A smoking ban in public places is to be introduced on 1 March in the remote Himalayan kingdom of Bhutan.
Tobacco was already banned in 18 of Bhutan's 20 districts
The ban forbids people from lighting up at government offices, hospitals, schools, parks and shopping centres, among other places.
It comes two months after a government ban on sale of all tobacco products in the country.
The predominantly Buddhist nation is thought to be the first country in the world to impose such a ban.
The moves are part of government efforts to make Bhutan a smoke-free nation.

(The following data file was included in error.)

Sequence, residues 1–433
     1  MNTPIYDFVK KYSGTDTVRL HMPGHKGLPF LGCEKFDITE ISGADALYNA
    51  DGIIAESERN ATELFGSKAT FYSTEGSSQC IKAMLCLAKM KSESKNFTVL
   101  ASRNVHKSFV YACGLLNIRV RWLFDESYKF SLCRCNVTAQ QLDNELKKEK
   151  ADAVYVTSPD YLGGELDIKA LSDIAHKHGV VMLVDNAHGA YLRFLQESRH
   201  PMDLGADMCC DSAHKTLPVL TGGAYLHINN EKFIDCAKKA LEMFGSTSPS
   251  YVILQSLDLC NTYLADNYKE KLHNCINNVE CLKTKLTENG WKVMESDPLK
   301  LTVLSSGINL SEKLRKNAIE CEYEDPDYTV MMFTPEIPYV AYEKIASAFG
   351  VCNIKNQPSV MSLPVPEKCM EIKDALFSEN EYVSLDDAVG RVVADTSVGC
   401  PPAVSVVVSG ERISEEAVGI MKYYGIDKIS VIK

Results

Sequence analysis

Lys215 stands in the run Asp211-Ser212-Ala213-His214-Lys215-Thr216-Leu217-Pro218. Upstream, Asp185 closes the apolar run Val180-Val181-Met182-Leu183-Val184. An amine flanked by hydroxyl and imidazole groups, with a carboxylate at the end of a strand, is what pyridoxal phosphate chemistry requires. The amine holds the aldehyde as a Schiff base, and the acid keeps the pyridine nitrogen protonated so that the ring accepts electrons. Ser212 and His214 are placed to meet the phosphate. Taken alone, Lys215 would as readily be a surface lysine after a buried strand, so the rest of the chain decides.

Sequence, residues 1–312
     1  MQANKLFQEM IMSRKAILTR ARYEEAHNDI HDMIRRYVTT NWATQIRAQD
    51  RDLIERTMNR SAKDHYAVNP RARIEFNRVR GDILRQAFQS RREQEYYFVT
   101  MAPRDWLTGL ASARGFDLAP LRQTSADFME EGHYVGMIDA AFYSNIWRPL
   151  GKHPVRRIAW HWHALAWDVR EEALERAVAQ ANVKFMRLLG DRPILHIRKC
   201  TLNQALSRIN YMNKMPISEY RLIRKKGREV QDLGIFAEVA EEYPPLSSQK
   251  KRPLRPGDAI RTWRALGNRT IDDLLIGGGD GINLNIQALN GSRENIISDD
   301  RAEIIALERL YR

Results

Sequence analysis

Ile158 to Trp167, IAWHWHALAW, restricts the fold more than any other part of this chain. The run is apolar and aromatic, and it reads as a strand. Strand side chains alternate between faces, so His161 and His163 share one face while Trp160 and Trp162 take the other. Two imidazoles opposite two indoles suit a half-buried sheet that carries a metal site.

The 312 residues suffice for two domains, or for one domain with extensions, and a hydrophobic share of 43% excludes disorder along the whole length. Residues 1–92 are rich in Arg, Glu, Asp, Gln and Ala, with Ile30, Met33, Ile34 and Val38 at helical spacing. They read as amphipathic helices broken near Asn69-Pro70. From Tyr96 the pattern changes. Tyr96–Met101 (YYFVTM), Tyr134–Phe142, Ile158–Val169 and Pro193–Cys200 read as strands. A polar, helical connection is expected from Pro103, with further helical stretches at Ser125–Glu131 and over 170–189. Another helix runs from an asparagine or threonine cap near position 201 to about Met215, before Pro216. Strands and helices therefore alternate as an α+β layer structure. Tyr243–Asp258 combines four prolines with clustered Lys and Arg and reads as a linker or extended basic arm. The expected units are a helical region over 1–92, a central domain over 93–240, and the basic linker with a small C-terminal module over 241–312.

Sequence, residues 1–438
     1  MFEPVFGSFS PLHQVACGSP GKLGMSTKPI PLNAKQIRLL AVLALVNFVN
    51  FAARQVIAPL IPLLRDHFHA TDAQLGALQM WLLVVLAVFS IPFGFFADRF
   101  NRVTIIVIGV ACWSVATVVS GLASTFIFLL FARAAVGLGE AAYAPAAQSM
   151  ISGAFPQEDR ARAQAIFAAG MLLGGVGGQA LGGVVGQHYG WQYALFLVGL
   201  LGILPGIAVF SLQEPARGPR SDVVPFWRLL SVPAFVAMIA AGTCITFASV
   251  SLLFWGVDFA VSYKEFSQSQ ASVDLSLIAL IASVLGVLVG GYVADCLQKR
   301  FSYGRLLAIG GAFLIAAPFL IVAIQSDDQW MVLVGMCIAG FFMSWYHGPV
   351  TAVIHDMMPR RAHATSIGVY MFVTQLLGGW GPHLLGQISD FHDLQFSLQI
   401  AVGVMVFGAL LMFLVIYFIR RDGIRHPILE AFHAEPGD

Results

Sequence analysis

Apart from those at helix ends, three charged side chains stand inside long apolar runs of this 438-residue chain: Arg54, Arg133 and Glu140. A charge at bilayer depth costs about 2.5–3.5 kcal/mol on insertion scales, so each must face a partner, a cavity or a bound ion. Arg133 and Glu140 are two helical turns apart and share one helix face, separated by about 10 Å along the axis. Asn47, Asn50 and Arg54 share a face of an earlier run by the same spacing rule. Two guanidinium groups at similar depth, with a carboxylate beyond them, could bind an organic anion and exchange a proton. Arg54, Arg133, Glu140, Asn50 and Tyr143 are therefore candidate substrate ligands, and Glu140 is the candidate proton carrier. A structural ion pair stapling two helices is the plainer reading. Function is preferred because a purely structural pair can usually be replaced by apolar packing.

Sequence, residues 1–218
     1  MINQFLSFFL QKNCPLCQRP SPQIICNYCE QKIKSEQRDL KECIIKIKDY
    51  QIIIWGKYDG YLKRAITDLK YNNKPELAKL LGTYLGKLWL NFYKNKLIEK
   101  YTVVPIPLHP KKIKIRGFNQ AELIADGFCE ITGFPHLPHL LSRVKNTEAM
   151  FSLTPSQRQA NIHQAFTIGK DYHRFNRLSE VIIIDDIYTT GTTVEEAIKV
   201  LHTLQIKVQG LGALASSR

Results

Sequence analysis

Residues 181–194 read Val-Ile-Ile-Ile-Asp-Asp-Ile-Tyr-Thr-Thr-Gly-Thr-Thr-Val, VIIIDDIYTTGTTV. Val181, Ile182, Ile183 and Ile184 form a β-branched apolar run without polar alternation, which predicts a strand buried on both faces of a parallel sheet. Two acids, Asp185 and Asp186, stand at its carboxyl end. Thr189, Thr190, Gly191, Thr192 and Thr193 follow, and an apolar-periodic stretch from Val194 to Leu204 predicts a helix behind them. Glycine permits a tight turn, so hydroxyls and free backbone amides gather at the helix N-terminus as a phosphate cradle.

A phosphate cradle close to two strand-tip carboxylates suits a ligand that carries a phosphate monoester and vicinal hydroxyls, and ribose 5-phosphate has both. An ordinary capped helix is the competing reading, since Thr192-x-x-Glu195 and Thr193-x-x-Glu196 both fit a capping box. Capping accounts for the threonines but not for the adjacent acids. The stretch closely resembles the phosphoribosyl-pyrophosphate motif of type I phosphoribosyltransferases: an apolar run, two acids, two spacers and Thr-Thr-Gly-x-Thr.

A senior government official, Sonam Phuntsho, said various measures will be taken to enforce the public smoking ban.
"It is a sensitive issue because it deals with personal rights," he said.
Many government offices have already taken the initiative to make their premises smoke free.
But a report in Bhutan's only newspaper, Kuensel, says "cigarettes and chewing tobacco are still available under the counter in many shops".
Kuensel says that government officials are imposing fines on those found selling tobacco.
Licenses of six shops have been cancelled and their owners fined for selling tobacco, says the newspaper.
Smokers like Tashi, a shop owner, protest that the ban is draconian.
"I cannot smoke in my shop now. This is not fair."
Correspondents say smoking was only popular with a small percentage of the Bhutanese population. Chewing tobacco was much more common.